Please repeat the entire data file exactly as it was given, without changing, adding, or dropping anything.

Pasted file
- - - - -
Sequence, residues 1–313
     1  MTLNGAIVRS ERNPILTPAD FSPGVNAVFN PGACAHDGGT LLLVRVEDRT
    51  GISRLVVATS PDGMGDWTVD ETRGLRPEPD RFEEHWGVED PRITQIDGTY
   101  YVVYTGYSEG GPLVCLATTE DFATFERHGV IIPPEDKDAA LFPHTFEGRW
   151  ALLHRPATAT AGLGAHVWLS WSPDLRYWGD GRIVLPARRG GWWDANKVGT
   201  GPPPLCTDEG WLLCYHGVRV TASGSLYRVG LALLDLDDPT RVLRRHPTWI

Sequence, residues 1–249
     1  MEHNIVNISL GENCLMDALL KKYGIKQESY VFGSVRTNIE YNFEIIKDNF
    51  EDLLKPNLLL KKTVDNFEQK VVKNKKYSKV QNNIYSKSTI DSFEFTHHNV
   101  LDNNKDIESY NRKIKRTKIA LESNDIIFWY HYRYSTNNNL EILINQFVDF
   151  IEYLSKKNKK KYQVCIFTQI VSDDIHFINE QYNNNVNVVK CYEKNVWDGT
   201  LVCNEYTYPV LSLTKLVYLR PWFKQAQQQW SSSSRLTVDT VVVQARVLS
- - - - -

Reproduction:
Sequence, residues 1–313
     1  MTLNGAIVRS ERNPILTPAD FSPGVNAVFN PGACAHDGGT LLLVRVEDRT
    51  GISRLVVATS PDGMGDWTVD ETRGLRPEPD RFEEHWGVED PRITQIDGTY
   101  YVVYTGYSEG GPLVCLATTE DFATFERHGV IIPPEDKDAA LFPHTFEGRW
   151  ALLHRPATAT AGLGAHVWLS WSPDLRYWGD GRIVLPARRG GWWDANKVGT
   201  GPPPLCTDEG WLLCYHGVRV TASGSLYRVG LALLDLDDPT RVLRRHPTWI

Sequence, residues 1–249
     1  MEHNIVNISL GENCLMDALL KKYGIKQESY VFGSVRTNIE YNFEIIKDNF
    51  EDLLKPNLLL KKTVDNFEQK VVKNKKYSKV QNNIYSKSTI DSFEFTHHNV
   101  LDNNKDIESY NRKIKRTKIA LESNDIIFWY HYRYSTNNNL EILINQFVDF
   151  IEYLSKKNKK KYQVCIFTQI VSDDIHFINE QYNNNVNVVK CYEKNVWDGT
   201  LVCNEYTYPV LSLTKLVYLR PWFKQAQQQW SSSSRLTVDT VVVQARVLS